Superb international chanteuse Adrienne Haan can always surprise me. Last night (May 22), when she made her appearance on stage at the Triad, she wore a black top hat and a wine-colored tux with tails, striking a dramatic pose that signaled her new show, “Berlin, Mon Amour” would be fun. Indeed it is, sometimes in provocatively unexpected ways, and it emerges as the most unusual cabaret show in New York at the moment.

The theme is celebrating the centennial of the democratic Weimar Republic, which flourished in the 1920s and early 1930s. When Hitler took over Germany many of the songs were banned because of their rebellious content of feminism, sexual liberation and trans-gender portrayal, or because of being written by Jewish composers. In the Weimar period the cabaret scene flourished in Berlin with an anything-goes aura, and great songs emerged from composers of the day, many of the numbers penetrating and sassy in satirizing life and prejudices of the time.

The big surprise in Haan’s latest clever and entertaining Weimar tribute, performed as if in Berlin’s Wintergarten Theatre, is the addition of a special guest--beautiful, dark-haired French cabaret artist Magali Dahan. The two are sensational in their duets, and voilá, at one point they illustrate what might have occurred in the free-spirited Weimar cabaret world when Haan and Dahan sing as lesbian lovers, sexily tongue-kissing and also with a hand gently passing over a private area. It’s surprising to behold, and the two performers make the most of the love-charged moments.

The show is packed with superb numbers, some sung in German, some in English and some in both. Haan opens with the feminist “Chuck Out the Men” (“Raus Mit Den Männern”), written by Friedrich Hollaender.

There is the sexy “I Am a Vamp” (“Ich Bin Ein Vamp”), a number by Mischa Spoliansky and Marcellus Schiffer. Another song with sex appeal is “Naughty Lola,” (“Fesche Lola”), by Hollaender, who also composed the dreamy “Falling in Love Again,” with the mouthful German title, “Ich Bin Von Kopf Bis FuB Auf Liebe Eigestellt.” That number gives Haan the opportunity to convincingly slide into her Marlene Dietrich mode, a perfect blend with the period being portrayed.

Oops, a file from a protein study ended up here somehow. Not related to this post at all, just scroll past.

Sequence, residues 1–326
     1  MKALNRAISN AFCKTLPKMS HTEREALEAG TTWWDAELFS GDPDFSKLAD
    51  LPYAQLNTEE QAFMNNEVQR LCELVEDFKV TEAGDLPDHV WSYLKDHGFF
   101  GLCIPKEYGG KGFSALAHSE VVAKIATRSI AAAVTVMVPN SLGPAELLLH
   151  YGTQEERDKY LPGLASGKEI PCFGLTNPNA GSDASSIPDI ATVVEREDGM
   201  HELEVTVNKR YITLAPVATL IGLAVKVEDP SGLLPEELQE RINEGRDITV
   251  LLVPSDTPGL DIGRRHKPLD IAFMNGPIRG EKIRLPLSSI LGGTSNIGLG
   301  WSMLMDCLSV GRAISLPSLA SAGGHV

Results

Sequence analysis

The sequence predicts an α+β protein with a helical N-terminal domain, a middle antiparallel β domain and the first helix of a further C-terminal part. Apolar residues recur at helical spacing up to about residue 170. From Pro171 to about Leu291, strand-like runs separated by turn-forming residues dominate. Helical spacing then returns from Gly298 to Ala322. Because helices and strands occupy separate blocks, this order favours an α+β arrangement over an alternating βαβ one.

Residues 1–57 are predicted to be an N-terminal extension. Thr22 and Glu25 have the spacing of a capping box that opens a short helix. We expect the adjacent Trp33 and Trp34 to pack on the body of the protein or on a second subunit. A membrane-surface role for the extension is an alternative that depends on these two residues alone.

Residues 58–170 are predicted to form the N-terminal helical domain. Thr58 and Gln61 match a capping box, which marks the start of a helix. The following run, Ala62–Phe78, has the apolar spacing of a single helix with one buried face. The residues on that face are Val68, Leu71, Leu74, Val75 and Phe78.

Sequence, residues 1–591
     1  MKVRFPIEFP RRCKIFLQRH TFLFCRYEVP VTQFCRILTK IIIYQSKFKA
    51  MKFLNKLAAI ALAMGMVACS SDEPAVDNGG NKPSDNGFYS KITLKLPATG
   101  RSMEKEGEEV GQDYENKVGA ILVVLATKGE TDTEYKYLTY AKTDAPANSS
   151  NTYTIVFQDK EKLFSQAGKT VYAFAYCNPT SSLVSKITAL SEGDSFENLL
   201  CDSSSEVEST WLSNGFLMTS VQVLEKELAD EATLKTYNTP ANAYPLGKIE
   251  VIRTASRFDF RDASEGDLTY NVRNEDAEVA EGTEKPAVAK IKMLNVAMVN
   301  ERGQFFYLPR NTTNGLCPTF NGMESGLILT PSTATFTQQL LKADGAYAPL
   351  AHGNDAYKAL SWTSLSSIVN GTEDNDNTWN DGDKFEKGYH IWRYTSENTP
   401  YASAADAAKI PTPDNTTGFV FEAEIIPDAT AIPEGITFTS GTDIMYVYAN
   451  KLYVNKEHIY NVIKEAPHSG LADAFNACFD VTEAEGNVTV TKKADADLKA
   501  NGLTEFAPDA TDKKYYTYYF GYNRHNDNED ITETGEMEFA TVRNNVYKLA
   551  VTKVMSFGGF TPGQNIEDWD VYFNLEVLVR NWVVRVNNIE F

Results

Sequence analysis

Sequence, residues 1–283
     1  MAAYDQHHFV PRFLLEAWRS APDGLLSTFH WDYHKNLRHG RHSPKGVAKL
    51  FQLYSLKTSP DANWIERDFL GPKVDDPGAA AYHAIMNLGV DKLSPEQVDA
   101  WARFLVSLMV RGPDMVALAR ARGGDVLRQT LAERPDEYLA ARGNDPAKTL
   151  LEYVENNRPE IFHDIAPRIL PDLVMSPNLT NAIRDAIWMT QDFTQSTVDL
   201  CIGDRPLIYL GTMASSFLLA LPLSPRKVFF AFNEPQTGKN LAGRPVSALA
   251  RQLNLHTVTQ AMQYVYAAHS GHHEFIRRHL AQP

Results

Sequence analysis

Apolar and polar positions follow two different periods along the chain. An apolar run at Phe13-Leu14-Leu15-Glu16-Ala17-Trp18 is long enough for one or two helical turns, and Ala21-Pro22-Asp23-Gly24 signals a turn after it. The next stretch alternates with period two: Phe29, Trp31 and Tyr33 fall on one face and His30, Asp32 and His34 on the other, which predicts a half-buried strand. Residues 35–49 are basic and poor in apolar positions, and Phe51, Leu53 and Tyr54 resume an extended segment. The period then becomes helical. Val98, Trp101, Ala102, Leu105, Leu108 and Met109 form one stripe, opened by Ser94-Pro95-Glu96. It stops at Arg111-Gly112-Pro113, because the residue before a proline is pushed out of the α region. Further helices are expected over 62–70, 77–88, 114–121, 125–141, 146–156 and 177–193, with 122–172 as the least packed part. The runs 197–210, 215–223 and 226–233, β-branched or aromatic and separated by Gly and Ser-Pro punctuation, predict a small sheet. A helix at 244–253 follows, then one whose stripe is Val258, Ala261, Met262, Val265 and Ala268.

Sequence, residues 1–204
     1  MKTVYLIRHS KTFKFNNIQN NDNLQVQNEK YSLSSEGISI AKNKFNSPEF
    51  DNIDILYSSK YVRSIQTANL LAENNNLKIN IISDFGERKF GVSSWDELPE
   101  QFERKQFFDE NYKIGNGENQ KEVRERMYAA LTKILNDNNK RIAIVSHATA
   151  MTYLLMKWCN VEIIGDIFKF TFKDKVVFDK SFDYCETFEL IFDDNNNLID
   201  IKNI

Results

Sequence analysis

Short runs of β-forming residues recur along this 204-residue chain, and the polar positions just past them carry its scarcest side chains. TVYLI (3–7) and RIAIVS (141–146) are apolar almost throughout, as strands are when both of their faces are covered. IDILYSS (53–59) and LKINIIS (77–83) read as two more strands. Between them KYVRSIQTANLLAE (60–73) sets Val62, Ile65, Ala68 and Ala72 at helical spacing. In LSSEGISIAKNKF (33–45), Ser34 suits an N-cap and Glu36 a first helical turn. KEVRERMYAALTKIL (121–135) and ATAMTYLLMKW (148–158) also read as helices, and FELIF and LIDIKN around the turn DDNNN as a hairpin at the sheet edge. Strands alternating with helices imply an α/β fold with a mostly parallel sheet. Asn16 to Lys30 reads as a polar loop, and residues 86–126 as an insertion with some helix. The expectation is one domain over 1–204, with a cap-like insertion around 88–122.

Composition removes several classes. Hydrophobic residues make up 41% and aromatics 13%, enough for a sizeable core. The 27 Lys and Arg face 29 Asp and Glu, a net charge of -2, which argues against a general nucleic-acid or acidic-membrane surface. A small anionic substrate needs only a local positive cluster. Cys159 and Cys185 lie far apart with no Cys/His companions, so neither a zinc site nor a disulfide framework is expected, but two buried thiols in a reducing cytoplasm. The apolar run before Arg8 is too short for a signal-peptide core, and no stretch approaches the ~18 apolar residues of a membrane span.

Other songs with a bite include taking apart the sexual divide in “Masculin/Feminin” (Maskulinum/Femininum”), by Spoliansky, and also “Abortion Is Illegal,” by two of the era’s greats, Hanns Eisler and Bertolt Brecht. There are many more appealing renditions, and, of course, no program like this could not feature “Lili Marleen.”

Haan indulges amusingly in her trademark sauntering among audience members, and, of course, picking out a few men on whom to shower affection. Dahan also does the same—I was one of her targets on opening night. The gambit extends the fun in a tasteful but not intrusive way.

It is a smart move on Haan’s part to introduce Dahan to New York audiences. Dahan sings excitingly and flashes sexy stage movement that blends well with Haan’s mischievous acting style. Haan in her musical number not only honors the Weimar era but makes you accept the illusion that she has become part of it.

“Berlin, Mon Amour” features the invaluable, skillful work at the piano by Haan’s long-time musical director, Richard Danley, and the show has been directed by Barry Kleinbort and produced by Peter Martin and Joseph Barry.

The result is a solid treat, and happily, you will still have the chance to see it. “Berlin, Mon Amour” is being repeated on May 29 and June 5. At the Triad, 158 West 72nd Street. Phone: 212-279-4200. Reviewed May 23, 2019.

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